Jennifer was seeing red, a long skinny triangle of it warbling in front of her, slightly obstructed by…were those her own fingers? Yes! It was so hard for her to see, especially with a headache that pounded through her like a gong, but she knew those were her own fingers when some of the red splattered in her eye and the obstruction flew to her face to wipe it away.

An arm tightened around her, its hand covering the mouth she’d opened to scream. Another hand, not her own this time, now obstructed the skinny red triangle, fluttering about it like a bird.

For a moment her vision returned; she was staring into the most beautiful green eyes she’d ever seen. They widened; he put a finger to his lips. Then that hand, shaking, returned to the skinny red triangle Jennifer now realized was the heel of her shoe. It was embedded in his neck.

Just before she again lost consciousness, her senses picked up the sound of the homeless woman pleading and that strange thing she’d smelled before, though a bit fainter this time, as if more distant. Her eyes fluttered open one last time, leaving her with the impression that she and the man with the green eyes and gorgeous blonde hair were lying on some junky old oriental rug.

Then she was safely back in her bedroom as a child. Mommy and Daddy had bought her a new toy! No. It was alive. Warm and fuzzy and sweet smelling. A kitten! Jennifer remembered what Mommy had said and was very, very gentle. She pet the kitten. The kitten arched its back and purred, looking up at Jennifer with big green eyes. Jennifer heard the door to her bedroom open and called out happily, “See, Mommy? I remembered what you said! My kitty likes me!”

But there was no answer, just footsteps, approaching softly. Jennifer looked up, expecting Mommy, since she knew Daddy was at work. But what she saw was impossible, since she knew she was an only child. Still, she was staring at herself, an almost exact duplicate, a twin. She even found herself mouthing a name: Judy.

Judy was looking at Jennifer’s kitten, literally licking her lips.

“Mommy!” cried Jennifer.

“Out shopping,” said Judy.

Tales of the Storage Space, Part 46

The Storage Space would have been quite violently ill if only a building could… No! Those dreadful little filthy vermin people could be quite violently ill! It was the very least they deserved, an appallingly inadequate punishment, really! But why would a dignified old building who’d never ruined an exquisite carpet with boots encrusted with horse manure, let alone killed anyone or anything…like a charmingly dainty, old tea room…aspire to doing anything at all that people could do? The Storage Space determined it would never think like that again. Really it felt quite strongly… Was absolutely adamant…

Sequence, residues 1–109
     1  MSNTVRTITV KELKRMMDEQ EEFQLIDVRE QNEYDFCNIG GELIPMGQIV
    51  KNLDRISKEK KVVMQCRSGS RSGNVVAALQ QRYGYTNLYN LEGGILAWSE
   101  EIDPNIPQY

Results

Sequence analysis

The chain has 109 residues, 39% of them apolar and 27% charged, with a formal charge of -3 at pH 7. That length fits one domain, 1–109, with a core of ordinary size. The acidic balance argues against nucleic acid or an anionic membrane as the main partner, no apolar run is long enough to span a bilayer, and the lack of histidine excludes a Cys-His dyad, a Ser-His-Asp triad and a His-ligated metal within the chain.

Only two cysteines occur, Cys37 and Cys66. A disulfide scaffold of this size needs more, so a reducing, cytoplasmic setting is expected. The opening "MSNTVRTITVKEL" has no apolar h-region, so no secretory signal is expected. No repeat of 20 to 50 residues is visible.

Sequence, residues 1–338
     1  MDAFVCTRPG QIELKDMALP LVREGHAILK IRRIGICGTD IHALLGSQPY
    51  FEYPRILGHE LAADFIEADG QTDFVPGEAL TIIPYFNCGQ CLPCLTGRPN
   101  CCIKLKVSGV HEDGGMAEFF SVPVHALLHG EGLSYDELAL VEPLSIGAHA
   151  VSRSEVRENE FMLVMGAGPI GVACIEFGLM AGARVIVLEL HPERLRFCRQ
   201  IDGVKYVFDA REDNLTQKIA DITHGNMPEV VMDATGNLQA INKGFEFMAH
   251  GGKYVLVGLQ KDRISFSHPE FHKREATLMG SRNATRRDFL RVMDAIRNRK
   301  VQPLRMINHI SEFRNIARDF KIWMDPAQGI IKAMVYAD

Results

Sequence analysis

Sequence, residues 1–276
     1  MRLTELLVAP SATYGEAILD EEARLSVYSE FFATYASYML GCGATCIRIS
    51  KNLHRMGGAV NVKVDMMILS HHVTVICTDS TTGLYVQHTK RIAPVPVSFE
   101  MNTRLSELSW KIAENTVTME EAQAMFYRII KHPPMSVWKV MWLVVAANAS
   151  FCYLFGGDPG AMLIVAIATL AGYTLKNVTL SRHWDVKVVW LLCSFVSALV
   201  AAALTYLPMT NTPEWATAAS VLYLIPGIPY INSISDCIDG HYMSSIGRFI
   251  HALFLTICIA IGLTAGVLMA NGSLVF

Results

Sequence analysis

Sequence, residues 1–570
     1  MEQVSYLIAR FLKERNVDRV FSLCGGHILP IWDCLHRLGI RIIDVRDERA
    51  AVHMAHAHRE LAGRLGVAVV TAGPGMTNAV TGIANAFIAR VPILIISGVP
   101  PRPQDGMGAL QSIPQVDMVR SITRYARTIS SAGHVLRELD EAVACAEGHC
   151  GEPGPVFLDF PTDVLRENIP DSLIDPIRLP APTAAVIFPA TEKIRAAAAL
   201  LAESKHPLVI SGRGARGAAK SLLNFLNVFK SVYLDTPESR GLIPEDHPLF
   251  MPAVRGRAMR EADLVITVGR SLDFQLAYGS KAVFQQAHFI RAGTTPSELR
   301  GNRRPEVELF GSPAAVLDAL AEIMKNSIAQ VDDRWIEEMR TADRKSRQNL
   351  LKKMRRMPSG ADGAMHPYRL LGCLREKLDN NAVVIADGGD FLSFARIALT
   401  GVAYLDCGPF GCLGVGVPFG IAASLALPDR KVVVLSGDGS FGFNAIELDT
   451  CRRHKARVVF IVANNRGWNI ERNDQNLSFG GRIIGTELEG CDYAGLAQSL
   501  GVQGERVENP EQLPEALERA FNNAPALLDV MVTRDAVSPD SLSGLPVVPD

“I wouldn’t blame you!”

Oh… Well… It was that Karen, who’d actually spoken aloud to the poor, long-suffering Storage Unit. A bit…different…all right, maybe…that one, after all.

“Wouldn’t blame me for what?”

Le Grand Rat! Thought she was talking to him, the fool. But to be fair he was at present helping Karen clean up the nauseatingly disgusting mess that her storage unit had become.

“For anything…”

Karen had startled when he first spoke, but her response was almost loving, flirty. The Storage Space doubted Irwin would notice the slight shudder still in her voice.


He put his hand on her derriere, the coarse beast, not seeing the look of terror that prompted and apparently mistaking the little jerk she couldn’t suppress for pleasure.

“When we’re done with all this and have…a more suitable place for your…anything.”

Even Le Grand Rat looked a tad disbelieving in response to that one. Still, he shoved the remaining filth into a garbage bag with his bare hand before using that same hand to grab a handful of the French fries he’d brought for Karen and stuff them in his mouth. Then he poured a bucketful of disinfectant all over the floor, all without noticing that Karen had all but passed out behind him and wasn’t helping at all.


But he did notice when she managed to stir herself enough to grab the empty bucket and stash it with what had been salvaged of her possessions.

“In case I can’t make it to the ladies room.”

She passed out.

“Or my ‘anything’ means I’ll have to get that saw out and clean up another mess.”

She forced her eyes open and smiled at him, all innocent little kid. “Say, did you get some food and drink for little ole me?”

He grabbed the takeout and moved closer.